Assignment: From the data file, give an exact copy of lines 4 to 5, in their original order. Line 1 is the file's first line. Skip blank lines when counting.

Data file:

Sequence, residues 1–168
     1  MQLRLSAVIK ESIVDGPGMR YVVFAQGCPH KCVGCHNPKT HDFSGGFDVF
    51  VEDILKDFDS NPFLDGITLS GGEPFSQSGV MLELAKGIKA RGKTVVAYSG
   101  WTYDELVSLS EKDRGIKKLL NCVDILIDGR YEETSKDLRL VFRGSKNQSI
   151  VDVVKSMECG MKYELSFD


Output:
   101  WTYDELVSLS EKDRGIKKLL NCVDILIDGR YEETSKDLRL VFRGSKNQSI
   151  VDVVKSMECG MKYELSFD